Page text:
As someone who was raised surrounded by more Fundamentalist versions of Christianity than the one I currently practice, the book of Revelation has a somewhat conflicted place in my faith life. I encountered this book most often as a threat in the broader culture. I remember reading religious comic books at a friend’s house about the four horsemen of the Apocalypse. That story is part of this book. Also, I heard lots of talk of the End of Days. When people talked about the Ultimate Judgment of Humanity by God, they nearly always referenced Revelation. For anyone who wanted to scare people into following Jesus, Revelation always seemed to be the book they hauled out to do it. Because that wasn’t how I understood my faith, I ended up avoiding the book as a whole, preferring to stick around with the Jesus I encountered in the Gospels. I wonder if any of you have had a similar experience with this book of the Bible?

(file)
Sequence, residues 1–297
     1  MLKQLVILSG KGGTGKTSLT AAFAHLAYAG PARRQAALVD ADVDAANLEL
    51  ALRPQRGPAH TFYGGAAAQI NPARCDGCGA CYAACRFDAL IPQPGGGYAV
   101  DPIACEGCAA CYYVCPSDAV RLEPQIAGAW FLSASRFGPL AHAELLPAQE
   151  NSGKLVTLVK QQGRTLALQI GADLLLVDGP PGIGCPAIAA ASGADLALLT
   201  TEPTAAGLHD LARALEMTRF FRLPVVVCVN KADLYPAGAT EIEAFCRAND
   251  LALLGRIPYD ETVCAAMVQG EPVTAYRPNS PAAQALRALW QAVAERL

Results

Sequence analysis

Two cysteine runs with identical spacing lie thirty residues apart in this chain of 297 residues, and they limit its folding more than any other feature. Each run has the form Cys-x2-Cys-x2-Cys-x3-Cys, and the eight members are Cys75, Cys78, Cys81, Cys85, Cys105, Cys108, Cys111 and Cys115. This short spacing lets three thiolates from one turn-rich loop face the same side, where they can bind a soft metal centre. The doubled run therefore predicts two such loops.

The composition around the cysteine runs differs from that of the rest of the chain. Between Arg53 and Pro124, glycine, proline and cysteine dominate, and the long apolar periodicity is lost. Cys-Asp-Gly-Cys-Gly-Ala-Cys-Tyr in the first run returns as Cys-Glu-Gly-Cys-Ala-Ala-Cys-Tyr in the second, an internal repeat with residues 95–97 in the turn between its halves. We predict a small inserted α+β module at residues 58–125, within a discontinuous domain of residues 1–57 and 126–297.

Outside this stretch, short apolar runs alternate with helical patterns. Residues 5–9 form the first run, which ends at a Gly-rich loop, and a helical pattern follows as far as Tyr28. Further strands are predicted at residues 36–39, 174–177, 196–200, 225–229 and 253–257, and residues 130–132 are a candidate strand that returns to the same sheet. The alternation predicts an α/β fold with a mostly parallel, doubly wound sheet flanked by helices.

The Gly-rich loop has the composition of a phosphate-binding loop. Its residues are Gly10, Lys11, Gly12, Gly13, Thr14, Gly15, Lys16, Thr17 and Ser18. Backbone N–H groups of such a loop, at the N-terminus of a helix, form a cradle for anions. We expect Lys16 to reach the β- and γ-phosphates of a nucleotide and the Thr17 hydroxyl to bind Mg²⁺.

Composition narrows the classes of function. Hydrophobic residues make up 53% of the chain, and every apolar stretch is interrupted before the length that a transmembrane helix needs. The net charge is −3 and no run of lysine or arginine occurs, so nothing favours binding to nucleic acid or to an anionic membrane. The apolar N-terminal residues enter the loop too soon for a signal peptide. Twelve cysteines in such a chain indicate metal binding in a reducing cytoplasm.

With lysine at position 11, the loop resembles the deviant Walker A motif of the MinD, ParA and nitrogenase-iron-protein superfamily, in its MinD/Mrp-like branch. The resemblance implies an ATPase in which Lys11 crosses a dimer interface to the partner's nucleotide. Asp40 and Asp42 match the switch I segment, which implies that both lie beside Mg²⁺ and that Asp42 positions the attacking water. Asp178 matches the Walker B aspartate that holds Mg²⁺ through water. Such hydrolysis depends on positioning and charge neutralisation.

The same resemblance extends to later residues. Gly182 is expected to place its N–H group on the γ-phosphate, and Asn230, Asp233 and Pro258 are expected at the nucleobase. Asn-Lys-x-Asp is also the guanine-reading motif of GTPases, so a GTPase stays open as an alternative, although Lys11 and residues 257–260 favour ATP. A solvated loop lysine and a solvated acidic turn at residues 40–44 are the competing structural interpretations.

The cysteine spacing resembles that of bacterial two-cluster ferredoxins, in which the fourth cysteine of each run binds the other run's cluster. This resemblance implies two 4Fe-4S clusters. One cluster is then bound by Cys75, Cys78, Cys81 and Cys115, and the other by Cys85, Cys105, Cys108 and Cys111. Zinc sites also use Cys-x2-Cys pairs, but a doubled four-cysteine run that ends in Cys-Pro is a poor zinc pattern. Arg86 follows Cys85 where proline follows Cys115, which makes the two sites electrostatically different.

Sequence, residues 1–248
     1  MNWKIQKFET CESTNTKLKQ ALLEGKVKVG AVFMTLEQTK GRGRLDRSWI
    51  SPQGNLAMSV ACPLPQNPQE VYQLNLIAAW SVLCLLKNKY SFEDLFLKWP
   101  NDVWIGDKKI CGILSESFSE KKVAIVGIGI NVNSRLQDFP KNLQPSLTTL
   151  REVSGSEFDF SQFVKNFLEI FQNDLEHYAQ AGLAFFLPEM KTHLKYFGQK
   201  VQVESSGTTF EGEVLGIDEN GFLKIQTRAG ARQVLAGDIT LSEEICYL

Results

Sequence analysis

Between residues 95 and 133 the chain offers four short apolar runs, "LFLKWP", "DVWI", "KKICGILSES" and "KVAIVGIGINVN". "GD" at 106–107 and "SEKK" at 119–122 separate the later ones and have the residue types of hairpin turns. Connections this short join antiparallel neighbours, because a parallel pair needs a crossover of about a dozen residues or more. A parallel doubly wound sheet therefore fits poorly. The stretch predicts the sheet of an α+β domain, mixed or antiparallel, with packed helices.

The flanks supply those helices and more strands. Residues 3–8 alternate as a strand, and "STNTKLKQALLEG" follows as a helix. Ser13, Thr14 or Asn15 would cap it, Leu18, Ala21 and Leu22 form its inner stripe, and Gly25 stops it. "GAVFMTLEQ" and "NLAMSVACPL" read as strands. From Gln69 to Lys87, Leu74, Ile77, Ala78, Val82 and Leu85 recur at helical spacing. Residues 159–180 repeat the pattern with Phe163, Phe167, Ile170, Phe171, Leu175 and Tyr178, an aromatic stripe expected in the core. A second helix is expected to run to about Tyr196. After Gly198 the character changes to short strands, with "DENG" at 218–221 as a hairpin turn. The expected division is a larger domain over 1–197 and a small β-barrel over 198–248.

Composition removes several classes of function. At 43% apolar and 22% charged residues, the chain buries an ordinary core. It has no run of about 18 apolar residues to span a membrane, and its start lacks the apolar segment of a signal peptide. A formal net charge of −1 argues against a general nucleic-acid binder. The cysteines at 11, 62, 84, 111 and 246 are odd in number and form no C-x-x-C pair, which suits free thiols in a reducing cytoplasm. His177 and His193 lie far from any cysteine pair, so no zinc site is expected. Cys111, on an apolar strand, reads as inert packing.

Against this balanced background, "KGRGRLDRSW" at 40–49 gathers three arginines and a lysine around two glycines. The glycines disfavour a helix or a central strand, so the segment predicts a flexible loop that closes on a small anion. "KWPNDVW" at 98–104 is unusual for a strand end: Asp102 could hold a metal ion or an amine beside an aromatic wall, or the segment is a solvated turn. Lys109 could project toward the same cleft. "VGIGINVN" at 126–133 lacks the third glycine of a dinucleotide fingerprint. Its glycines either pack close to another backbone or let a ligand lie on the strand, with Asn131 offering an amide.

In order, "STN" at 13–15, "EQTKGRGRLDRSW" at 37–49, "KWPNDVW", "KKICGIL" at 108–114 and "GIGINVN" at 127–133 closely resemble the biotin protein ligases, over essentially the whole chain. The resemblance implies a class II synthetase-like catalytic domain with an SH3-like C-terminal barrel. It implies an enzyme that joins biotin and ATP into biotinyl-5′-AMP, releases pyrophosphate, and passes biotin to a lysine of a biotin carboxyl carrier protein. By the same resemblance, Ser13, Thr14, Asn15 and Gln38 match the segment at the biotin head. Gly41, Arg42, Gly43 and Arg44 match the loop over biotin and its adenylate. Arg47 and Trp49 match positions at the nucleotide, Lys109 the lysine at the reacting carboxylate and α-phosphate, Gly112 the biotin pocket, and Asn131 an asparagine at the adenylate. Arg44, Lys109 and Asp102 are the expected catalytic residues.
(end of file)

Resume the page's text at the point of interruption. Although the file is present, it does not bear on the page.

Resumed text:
Here are some things I have learned that have helped me more fully engage with this strange and also foundational Christian text. It matters that we take the era in which this book was written into account. In his introduction to this book of the Bible in the New Oxford Annotated Bible, Jean-Pierre Ruiz says that the book was likely written sometime between 81 and 96 CE and was shaped by Rome’s destruction of Jerusalem in 70 CE. In a very similar way to how the Babylonian destruction of Jerusalem in 586 BCE shaped later Jewish ideas about exile, mourning, and the centrality of Jerusalem to communal worship, Rome’s destruction of the Jerusalem, which was distinctly tied to wiping out rebellion in the city, shaped how the prophet John would come to understand a Christian’s role within an empire that would do something so cruel. According to Ruiz, the prophet John, who had been exiled to Patmos and who’s prophetic visions were recorded by someone else, offered this instruction to Christians living under Rome: when living in the midst of a regime that is callous and cruel and interested mostly in maintaining its own power, the only proper response is resistance. There can be no compromise and no accommodation with the evil empire.